Everyday Gardeners

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Recycle Gutters Into A DIY Vertical Shade Garden

Vertical Gutter Garden with Asparagus Fern

Big, blank, shady walls are bullies in my garden. Limited by no sun, dry conditions, and poor soil, my shady walls ogle my garden tools threateningly and push me around with that intimidating attitude all bullies have. I spend hours staring at an empty wall trying to come to terms with a sustainable solution that might work. Without a doubt, you have the same mean wall-bully hiding in your garden that hides in mine.

There’s only one way to fix a perplexing shady wall. In dealing with a wall-bully, one must cover it with a creative solution. A quick answer to that problem is to paint the wall, add several trellis’s all along the area, then plant a non-invasive shade climber at the base of a trellis, so the wall becomes less threatening and more appealing.

How To Say No To Bullies

My favorite wall-bully solution, however, is to recycle old rain gutters into a vertical wall of garden. Find both new and old gutters and downspouts online, at home salvage warehouses, or at your local hardware store. Screw the rain gutters into the wall. Be sure to screw into supports and joists whenever possible to give the wall garden extra support.

While you could hang the old gutters on a wall and place the soil and plants directly in the gutters, I adore the idea of using a repetitive color pattern as a bright pop on the wall. Here you see rows of preplanted Asparagus Fern sitting in bold orange containers within the gutters. Each container has its special spot on the recycled gutters that stretch nearly ten feet high up a tall shade-filled wall. If one of the plants dies, it is easy to replace the plant by simply adding another container, thereby making this technique an easy-to-manage solution.

Do not let shady wall-bullies push you around; get out there and discover a creative, sustainable, solution like recycled gutters to make that difficult wall into your best friend.

14 Responses to “ Recycle Gutters Into A DIY Vertical Shade Garden ”

  1. If we had to guess we’d say that this photo was taken shortly after all these pots were stuffed into the gutters. The fact that none of these ferns are leaning toward the light tells us that they haven’t been there very long. The fact that there are no water stains indicates that the entire thing hasn’t even been well irrigated yet. Please post a photo that shows what this “wall” looks like in three or four months. Please tell people how they should water this without rotting the siding on their house that’s behind this. Please show how the ends of the gutters look – all carefully cropped out.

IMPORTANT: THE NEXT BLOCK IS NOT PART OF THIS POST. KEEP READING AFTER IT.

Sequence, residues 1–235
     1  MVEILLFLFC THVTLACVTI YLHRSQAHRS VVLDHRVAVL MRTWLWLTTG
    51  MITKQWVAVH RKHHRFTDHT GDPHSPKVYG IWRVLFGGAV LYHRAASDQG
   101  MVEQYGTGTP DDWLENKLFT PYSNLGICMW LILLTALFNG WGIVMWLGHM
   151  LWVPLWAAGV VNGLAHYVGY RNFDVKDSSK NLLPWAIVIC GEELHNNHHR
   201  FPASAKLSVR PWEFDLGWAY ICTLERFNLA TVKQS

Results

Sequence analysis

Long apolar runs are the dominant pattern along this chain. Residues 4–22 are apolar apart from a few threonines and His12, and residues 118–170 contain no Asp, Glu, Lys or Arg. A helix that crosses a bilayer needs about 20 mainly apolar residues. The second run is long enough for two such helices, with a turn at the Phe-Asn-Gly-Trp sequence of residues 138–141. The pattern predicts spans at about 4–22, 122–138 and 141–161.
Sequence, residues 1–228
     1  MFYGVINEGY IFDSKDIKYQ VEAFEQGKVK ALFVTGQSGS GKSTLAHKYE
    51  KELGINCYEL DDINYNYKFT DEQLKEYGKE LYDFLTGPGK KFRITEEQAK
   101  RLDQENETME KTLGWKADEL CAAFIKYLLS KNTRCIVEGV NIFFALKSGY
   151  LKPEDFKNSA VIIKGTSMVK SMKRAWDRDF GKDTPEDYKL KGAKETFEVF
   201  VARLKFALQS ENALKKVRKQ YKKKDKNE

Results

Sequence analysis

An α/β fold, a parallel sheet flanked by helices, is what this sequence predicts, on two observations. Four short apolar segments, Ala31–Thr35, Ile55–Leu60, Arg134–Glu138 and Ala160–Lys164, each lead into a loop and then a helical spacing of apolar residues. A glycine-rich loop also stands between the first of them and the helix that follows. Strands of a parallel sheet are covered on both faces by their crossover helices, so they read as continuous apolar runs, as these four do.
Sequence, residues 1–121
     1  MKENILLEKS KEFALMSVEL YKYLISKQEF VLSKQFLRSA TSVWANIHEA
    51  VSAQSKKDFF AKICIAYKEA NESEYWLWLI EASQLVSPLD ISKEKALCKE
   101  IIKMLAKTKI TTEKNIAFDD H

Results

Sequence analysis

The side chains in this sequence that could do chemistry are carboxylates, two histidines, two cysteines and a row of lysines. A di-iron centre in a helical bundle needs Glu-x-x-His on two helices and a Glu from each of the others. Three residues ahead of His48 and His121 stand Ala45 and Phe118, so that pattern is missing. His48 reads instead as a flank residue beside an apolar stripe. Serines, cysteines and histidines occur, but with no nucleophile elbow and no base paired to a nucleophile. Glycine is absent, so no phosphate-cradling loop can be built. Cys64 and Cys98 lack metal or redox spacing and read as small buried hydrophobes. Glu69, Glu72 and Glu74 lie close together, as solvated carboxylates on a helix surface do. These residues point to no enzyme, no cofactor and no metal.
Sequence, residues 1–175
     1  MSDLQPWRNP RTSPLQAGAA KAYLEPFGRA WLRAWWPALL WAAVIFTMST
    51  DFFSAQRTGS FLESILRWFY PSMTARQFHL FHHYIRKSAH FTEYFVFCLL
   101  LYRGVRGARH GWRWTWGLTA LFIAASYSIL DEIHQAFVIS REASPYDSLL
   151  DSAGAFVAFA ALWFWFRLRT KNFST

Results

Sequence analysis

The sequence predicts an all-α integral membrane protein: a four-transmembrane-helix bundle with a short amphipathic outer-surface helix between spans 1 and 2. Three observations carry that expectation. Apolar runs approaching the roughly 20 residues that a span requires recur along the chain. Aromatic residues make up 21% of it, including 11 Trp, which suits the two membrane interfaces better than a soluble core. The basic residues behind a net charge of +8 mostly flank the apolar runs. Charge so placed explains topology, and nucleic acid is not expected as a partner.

In other words, this is one of those projects and photos that seem to be done for Pinterest and Facebook, not for the overall success of the person who puts time and money into the “recycling.”

  2. Each of those pots would have to cost at least $1.00 each (very conservative estimate) there are at least 25 pots per row and I counted 9 rows. Those asparagus ferns are going to live in those pots for maybe 6-8 months (again that is a generous amount ) then need to be replaced. How is this a good idea?

  3. Hi Donna!

    These pots did not cost $1.00 each. They are made of plastic and cost pennies. You could easily have put the plants directly into the rows without a container to save money. You would do the same thing with these plants that you do with any other plants when they outgrow their pots — you would move them and put them somewhere else. No potted plant in a container is meant to be a permanent placement.

  4. In answers to “HCG” above -


    These pots have been in this location for months according to the grower. I took this photo at a nursery in Minnesota and the asparagus ferns were grown from seed. They are watered daily and have been for months. I do not have a photo of the ends of the gutters – they looked the same as the fronts and were closed on the ends. The light it was exposed to was an area covered with a plastic nursery roof – – very gentle light which I would consider part-shade.

    About protecting the walls — there are too many surfaces that readers of BHG might have for me to give an explanation on how to cover each one. If you put this on a fence you might not put anything up to protect it. You could cover a wall in plastic or not. You could cover a wall in metal sheeting or not. It depends on each individual and where they specifically place a vertical wall garden.